A6M2 (left) and A6M5 Zero in Malaya being tested and evaluated by Japanese pilots under the supervision of RAF officers. The A6M5's cockpit survives today at the Imperial War Museum Duxford.[4]

It was in order to consolidate and co-ordinate these different operations that the Technical Air Intelligence Unit was formed, based in Hangar 7 at the RAAF/USAAF Eagle Farm Airbase, in Brisbane, Australia, during November 1942.[1] By early 1943 an "Oscar" had been built using parts from five different aircraft.[1] Test flights included a mock dogfight against a Spitfire V. It was concluded that the "Oscar" was superior to the Spitfire below 20,000 feet. In late 1943 the aircraft was shipped to the United States aboard the escort carrier Copahee, and sent to Wright Field where it was flown and evaluated.[5]

Mitsubishi A6M2 "Zero" at the National Museum of the United States Air Force at Dayton, Ohio. This aircraft was found near Kavieng on New Ireland, Papua New Guinea, and probably operated by the 6th Kokutai (Squadron) and later by the 253rd Kokutai. It is painted to represent a section leader's aircraft from the aircraft carrier Zuihō during the Battle of the Bismarck Sea in March 1943.[6]

Further success came in late December 1943, when US Marines captured the airfield at Cape Gloucester on the north coast of New Britain, finding many wrecks and several nearly intact aircraft. TAIU officers logged the serial numbers of the aircraft, and engine configurations, serial numbers and dates of manufacture. They inspected cockpits for layout and control locations, and armour plate. They recovered armaments and noted their locations and mounts. Some reports provided considerable detail, including oil and fuel tank capacities, and special electronics installed. One of these was a Kawasaki Ki-45 "Nick" fighter, about which little was known. Another fighter, a Kawasaki Ki-61 "Tony", was also examined.[1]

One of the biggest problems faced by the TAIU teams was Allied troops, who commonly stripped enemy aircraft for "souvenirs". Efforts were made to minimize indiscriminate souvenir hunting and troops were encouraged to turn in all captured items and report enemy aircraft wrecks. Most of these efforts were in vain, and it remained a constant problem throughout the war. Another obstacle was that most Japanese aircraft fell into the ocean, and those that did not often crashed in isolated areas that were difficult to reach. As an example, a newly developed Yokosuka D4Y "Judy" dive bomber with an in-line engine crashed six miles inland, on a 1,500-foot (460 m) hill, on Santa Isabel Island. The TAIU had to recruit local men to cut a trail to the crash site with machetes, and then carry out the engine on a cradle woven from tree bark.[1]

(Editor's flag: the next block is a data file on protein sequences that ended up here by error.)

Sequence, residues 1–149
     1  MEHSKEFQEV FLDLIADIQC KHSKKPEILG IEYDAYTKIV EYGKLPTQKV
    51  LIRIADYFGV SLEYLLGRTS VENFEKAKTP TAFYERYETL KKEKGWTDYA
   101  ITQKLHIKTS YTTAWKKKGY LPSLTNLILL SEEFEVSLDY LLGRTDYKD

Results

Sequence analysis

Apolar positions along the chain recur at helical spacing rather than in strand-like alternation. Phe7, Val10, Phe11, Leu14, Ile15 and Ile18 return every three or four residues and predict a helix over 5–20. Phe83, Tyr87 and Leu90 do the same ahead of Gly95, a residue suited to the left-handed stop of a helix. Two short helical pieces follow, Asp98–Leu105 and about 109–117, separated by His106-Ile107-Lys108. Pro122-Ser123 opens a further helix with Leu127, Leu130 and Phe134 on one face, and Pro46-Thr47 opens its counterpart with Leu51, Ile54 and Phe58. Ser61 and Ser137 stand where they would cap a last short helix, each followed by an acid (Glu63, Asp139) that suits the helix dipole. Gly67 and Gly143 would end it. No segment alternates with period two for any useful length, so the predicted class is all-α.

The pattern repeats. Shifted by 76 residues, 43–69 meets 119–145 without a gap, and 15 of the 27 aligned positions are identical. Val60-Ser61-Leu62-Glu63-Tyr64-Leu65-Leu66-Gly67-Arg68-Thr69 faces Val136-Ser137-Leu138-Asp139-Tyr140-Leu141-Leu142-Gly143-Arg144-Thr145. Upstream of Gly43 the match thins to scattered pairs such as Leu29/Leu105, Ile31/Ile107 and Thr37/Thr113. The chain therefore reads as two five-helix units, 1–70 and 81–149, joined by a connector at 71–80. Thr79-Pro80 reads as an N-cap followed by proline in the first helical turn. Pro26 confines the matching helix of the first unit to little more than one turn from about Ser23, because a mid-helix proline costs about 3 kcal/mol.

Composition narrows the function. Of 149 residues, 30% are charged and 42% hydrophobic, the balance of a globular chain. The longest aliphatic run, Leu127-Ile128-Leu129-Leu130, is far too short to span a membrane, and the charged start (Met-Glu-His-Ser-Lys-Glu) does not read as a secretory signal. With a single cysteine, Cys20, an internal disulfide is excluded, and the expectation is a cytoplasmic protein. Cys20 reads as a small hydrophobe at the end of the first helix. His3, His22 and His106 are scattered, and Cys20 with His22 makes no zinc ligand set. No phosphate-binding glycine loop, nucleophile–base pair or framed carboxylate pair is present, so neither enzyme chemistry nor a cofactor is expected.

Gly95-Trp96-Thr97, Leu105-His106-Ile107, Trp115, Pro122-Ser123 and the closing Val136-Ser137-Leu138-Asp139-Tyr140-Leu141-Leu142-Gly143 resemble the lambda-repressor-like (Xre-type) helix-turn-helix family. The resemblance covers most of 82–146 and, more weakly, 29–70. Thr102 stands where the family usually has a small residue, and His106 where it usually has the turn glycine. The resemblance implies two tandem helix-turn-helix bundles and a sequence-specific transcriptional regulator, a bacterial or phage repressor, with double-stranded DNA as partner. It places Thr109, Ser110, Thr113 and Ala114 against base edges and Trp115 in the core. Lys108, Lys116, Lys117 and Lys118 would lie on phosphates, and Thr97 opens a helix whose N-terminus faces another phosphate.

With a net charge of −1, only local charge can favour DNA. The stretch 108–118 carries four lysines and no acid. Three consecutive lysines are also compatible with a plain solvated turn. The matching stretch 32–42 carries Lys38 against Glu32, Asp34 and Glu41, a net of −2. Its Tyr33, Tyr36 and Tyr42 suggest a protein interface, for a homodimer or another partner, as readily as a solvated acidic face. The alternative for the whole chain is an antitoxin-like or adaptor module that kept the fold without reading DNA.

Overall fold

Crashed Enemy Aircraft Reports (CEARs) were systematically compiled from April 1943. In February 1944, it was agreed that production data on enemy equipment was essential, and more extensive reports detailed the age and condition of captured equipment to give an indication of the general state of the Japanese war economy, paying particular attention to the name plates and markings which gave information on the manufacturers. Eventually a special unit known as "JAPLATE" was created to conduct this task, and 6,336 intact name plates or their details were collected.[1]